Further details on the JRB have been released – and employers who intend to claim should review payroll records and JRS claims.
The Job Retention Bonus (JRB) was announced in the Summer Economic Statement, but it triggered several important questions: Will all previously furloughed employees qualify? What does continuous employment mean? Do employers need to act now to prepare for a claim? Detailed guidance is expected in the autumn, but we now have a few further details.
The JRB is a measure designed to support and reward employers who retain furloughed employees after the Job Retention Scheme (JRS) closes on 31 October 2020.
When the JRB was announced, the Chancellor confirmed that eligible employers who choose to claim will receive a single payment of £1,000 in respect of each employee who:
JRB payments can be claimed after submission of the Real Time Information (RTI) payroll returns for January 2021 and will be paid in the following month. JRB payments will be taxable on the employer.
Key points from HMRC’s new interim guidance on the JRB are summarised below.
Will all furloughed employees attract a JRB payment?
In addition to the basic eligibility criteria summarised above, the employee must not be under notice of termination of employment on 31 January 2021. Also, the employer’s RTI records must be up to date.
HMRC’s new guidance confirms that employers may be able to claim in respect of employees transferred to them under the Transfer of Undertakings (Protection of Employment) regulations (TUPE), or where the PAYE business succession rules apply, provided those employees were:
It will therefore not be possible to claim a JRB payment in respect of transferred employees who were furloughed only by their previous employer.
What does ‘continuous employment’ mean?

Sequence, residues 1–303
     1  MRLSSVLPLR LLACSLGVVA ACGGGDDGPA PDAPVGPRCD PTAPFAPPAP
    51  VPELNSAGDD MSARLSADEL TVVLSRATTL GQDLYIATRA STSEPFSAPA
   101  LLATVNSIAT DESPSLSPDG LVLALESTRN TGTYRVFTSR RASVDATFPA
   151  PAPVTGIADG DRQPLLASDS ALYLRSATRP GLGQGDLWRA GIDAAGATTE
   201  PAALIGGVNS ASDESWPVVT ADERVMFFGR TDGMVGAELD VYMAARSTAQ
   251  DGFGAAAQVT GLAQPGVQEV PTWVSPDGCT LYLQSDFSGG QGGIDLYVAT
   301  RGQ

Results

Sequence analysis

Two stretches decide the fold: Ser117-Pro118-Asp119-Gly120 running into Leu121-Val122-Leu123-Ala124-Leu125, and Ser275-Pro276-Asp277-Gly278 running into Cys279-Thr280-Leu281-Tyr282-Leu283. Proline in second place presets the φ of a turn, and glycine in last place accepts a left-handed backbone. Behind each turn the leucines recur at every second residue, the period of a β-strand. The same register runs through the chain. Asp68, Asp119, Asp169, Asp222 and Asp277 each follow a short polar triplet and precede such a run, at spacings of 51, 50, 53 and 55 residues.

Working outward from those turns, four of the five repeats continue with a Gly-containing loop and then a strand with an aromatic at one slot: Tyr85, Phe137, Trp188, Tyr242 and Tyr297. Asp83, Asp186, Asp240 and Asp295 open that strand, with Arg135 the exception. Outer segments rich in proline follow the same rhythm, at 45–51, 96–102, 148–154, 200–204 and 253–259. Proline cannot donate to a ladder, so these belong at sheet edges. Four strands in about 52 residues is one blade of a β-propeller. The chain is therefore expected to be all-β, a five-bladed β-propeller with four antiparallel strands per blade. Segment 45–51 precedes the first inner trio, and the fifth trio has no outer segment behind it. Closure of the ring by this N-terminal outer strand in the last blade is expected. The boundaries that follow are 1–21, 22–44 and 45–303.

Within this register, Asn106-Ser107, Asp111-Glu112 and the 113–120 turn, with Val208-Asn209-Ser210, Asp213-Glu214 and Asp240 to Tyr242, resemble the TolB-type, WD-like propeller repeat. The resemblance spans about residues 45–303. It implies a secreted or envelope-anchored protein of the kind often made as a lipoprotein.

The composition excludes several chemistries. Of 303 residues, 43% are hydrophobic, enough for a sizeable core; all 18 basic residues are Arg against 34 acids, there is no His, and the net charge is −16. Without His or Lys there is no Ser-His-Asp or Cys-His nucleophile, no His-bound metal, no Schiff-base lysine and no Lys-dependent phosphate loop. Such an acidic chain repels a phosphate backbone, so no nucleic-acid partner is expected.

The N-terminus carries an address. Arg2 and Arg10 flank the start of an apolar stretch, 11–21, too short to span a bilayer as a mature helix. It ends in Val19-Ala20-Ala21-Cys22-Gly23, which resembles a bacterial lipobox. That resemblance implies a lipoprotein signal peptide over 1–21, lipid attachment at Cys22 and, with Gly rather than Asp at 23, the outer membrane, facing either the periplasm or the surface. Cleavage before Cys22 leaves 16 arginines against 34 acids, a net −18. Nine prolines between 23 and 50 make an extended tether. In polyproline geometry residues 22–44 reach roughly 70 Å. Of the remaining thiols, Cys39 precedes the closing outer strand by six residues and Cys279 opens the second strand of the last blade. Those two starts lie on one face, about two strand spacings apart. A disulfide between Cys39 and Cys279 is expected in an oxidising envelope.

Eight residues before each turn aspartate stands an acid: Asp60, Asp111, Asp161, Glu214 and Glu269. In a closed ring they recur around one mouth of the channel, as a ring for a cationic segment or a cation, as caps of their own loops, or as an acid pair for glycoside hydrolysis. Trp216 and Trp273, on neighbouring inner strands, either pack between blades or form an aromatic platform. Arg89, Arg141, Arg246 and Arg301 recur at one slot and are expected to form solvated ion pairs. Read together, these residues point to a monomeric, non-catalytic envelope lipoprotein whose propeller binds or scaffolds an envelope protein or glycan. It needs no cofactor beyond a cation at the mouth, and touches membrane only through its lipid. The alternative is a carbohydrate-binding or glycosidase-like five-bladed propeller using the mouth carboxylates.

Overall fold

For the purposes of the JRB, a furloughed employee’s ‘continuous employment’ will be measured from the date of the most recent JRS claim in which they are included.
What should employers do now if they plan to claim?
HMRC’s new guidance states that JRB claims may be jeopardised if the employer’s payroll records are inaccurate or out of date. It also says employers should ensure their JRS claims have been accurately submitted, and HMRC have been notified of any necessary amendments.
JRB payments will be withheld if HMRC believes JRS claims have been fraudulently claimed or inflated. This is a clear indication that good JRS and general payroll return compliance are necessary preconditions to claiming a JRB payment.
What happens next?
Further detailed guidance on the JRB is expected in the autumn. Employers will need to confirm their eligibility and quantify any potential claims once that guidance is available. In the meantime, employers who intend to claim the JRB should ensure their payroll records are accurate and up to date, and that claims submitted under the JRS – both past and future – are supportable with any errors addressed.
See our updated Q&A for further details on the Job Retention Scheme.
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